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MUSIC

Call It a Comeback: New Music From All Your Nostalgic Favorites

Check out six of this week's returns, reissues, and reunion album announcements.

Harmony Gerber, Getty Images

Among the steady stream of new music that's come out so far in (*Arcade Fire voice*) the month of May, this week brought returns, reissues, and comebacks from some sorely missed artists.

Take a look at six of this week's releases from musical vets who have either returned after spending time out of the public eye, or are simply reinventing their sound.

1. Phantom Planet - "Balisong"

The LA-based indie rock band popularized for writing The OC's theme song are back with a new single, "Balisong," inspired by lead singer Alex Greenwald's obsession with a butterfly knife. This is the "California" group's first new music since their excellent 2008 album, Raise the Dead, the follow-up to 2004's underrated self-titled. Phantom Planet has a new album in the works, but haven't announced an official release date yet. It's safe to say that "Balisong" is a promising preview of what is shaping up to be a tremendous reunion record.

2. Tool - "Descending" and "Invisible" (Not Officially Released)

Tool debuted their first new music in over a decade during their headlining set at Welcome To Rockville. The prog rockers played two new songs, "Descending' and "Invisible," from their upcoming new album. They also officially confirmed the release date for the anticipated new LP, which we now know is due out August 30th, but they haven't disclosed any other details.

3. Blink 182 - "Blame it On My Youth"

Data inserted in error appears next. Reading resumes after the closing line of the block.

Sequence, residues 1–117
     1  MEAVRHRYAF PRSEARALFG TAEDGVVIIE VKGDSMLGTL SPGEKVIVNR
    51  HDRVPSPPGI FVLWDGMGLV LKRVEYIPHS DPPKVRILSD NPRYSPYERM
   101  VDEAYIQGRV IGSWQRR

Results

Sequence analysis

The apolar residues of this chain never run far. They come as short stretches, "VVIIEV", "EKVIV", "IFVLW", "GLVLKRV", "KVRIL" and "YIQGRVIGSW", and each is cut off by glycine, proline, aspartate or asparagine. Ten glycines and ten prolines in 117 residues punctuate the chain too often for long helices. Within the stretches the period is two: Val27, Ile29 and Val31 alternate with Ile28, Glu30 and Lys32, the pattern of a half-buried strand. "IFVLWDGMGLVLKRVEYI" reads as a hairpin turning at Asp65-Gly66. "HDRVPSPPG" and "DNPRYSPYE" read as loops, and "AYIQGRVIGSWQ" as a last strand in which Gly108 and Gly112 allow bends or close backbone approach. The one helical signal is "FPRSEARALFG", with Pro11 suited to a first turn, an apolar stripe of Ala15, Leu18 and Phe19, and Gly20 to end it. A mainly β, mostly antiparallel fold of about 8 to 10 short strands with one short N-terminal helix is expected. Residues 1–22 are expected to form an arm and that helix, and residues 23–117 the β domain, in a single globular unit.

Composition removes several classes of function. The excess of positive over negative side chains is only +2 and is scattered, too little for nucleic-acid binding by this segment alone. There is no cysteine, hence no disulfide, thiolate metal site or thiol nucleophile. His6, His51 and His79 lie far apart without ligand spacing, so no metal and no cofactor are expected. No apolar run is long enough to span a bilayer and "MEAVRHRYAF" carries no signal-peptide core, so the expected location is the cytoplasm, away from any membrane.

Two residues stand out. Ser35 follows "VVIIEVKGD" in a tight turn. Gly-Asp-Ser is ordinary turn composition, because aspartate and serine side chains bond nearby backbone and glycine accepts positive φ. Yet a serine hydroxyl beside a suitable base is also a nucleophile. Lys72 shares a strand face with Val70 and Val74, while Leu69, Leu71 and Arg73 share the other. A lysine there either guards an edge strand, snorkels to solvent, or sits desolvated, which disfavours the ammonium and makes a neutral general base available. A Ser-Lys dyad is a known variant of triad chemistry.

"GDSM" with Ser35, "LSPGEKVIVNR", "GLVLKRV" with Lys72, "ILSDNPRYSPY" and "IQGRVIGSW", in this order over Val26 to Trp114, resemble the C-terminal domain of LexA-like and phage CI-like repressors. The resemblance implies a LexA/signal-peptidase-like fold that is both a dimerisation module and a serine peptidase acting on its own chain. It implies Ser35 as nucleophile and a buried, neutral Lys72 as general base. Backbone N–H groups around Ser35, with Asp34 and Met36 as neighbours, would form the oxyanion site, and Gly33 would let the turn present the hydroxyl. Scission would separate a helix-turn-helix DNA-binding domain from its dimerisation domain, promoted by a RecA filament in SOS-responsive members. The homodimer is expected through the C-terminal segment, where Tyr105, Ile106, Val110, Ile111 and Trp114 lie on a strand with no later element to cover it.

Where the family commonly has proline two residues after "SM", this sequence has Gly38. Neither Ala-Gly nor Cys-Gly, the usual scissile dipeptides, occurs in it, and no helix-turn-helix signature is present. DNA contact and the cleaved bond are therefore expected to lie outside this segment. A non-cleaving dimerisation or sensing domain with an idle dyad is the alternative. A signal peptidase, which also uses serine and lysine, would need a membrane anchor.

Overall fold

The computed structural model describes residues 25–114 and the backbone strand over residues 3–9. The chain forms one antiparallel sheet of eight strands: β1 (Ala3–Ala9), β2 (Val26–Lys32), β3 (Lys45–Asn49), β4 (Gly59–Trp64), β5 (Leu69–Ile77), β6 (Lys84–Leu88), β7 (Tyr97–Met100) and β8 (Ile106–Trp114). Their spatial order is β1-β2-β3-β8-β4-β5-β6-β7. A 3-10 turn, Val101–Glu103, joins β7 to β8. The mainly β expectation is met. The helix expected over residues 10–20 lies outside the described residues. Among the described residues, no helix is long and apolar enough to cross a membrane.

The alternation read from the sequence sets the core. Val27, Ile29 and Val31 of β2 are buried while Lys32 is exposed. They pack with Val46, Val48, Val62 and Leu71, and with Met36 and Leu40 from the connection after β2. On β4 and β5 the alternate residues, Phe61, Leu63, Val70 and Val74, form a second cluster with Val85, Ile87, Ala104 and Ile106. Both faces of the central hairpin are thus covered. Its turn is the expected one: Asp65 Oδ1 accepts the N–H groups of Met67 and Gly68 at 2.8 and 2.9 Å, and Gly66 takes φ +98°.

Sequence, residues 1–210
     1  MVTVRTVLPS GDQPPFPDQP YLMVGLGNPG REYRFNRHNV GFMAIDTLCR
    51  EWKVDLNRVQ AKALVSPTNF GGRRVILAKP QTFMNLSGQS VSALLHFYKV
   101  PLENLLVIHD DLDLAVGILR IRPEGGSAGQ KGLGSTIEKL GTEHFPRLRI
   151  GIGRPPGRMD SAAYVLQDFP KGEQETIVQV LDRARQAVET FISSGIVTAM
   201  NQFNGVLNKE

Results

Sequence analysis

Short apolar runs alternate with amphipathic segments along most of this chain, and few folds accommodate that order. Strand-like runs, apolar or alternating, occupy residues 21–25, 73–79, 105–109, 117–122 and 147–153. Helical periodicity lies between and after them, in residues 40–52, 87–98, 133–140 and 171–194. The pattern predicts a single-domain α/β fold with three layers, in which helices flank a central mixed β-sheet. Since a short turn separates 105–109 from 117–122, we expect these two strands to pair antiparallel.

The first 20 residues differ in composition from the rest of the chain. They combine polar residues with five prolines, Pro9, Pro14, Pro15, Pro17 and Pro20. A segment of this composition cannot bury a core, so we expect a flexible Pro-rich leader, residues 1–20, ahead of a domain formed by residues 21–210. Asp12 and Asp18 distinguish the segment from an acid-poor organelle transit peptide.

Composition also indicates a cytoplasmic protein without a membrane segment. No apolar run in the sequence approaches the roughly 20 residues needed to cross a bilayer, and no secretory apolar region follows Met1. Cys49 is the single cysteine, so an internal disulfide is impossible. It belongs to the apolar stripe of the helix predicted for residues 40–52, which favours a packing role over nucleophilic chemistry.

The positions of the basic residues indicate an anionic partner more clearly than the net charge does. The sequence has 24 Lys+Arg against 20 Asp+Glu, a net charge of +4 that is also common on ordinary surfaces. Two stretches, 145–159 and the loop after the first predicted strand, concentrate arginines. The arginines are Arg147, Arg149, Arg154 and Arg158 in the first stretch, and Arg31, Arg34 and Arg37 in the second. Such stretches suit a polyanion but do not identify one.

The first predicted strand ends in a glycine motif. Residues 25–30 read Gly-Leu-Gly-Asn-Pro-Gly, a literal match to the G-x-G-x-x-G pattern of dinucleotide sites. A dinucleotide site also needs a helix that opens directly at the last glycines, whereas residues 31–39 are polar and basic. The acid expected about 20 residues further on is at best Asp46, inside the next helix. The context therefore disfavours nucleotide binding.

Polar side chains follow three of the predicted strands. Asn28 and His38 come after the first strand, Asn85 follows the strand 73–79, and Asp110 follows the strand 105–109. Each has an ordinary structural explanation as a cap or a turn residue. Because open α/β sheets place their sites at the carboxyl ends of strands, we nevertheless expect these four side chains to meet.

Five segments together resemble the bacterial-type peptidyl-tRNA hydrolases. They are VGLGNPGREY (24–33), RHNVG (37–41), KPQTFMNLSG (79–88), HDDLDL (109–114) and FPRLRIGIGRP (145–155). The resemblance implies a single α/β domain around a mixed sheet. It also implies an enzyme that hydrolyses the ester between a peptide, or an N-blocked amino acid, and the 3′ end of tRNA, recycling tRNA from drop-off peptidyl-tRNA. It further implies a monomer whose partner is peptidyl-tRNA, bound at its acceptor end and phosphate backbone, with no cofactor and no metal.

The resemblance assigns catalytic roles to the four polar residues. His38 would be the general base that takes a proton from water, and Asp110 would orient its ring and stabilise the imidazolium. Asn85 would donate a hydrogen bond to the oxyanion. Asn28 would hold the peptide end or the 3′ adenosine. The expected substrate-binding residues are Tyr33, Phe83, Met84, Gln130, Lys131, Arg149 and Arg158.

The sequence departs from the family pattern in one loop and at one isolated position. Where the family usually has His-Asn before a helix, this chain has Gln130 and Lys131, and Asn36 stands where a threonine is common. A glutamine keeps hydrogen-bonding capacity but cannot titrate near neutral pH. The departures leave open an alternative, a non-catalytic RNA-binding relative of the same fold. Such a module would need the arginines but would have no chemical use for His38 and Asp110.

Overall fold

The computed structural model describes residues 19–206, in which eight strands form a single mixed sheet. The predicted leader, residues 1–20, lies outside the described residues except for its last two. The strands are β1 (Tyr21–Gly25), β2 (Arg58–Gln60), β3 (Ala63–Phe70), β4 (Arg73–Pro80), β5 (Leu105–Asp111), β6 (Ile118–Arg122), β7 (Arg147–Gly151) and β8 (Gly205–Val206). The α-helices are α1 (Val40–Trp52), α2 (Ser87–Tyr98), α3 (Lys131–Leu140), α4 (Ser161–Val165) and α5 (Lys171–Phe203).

The San Diego pop-punk veterans (minus Tom DeLonge, who is trying to prove once and for all that Aliens DO exist as well as releasing new music with Angels & Airwaves) are back with a slightly different sound in a new song called "Blame it On My Youth." This is the first glimpse at their forthcoming album, which is supposed to sound "a lot more aggressive," according to what Mark said in an interview with NME. The three-piece –– made up of Mark Hoppus, Travis Barker, and Alkaline Trio's Matt Skiba –– are set to go on tour with Lil Wayne this summer.

4. Silversun Pickups - "Freakazoid"

Last month, Silversun Pickups shared the first single, "It Doesn't Matter Why," off of their upcoming album, Widow's Weeds, the follow-up to 2014's Better Nature. This week, the "Lazy Eye" musicians are sharing another glimpse of the album with a slow-burning new track called "Freakazoid." The band's new LP will be released June 7 via New Machine Recordings.


5. Michael Stipe - "Your Capricious Soul" and "Drive to the Ocean" (Not Officially Released)

R.E.M. frontman Michael Stipe previewed new material while opening for Patti Smith. During the performance, he played three new tracks –– "Your Capricious Soul," "Drive to the Ocean," and an untitled track.

6. Brian Eno with Daniel Lanois and Roger Eno - "Like I Was A Spectator"

Brian Eno announced that he will be reissuing and expanding the album he made with Daniel Lanois and his brother Roger Eno, "Apollo: Atmospheres & Soundtracks," for the 50th anniversary of the Apollo II moon landing. This will include 11 new tracks, which will comprise a new album entitled For All Mankind. They promoted the new release with the video for one of the new tracks called "Like I Was A Spectator," which features rare NASA footage. The remastered edition (including the new album) is out July 19th.


Sara is a music and culture writer.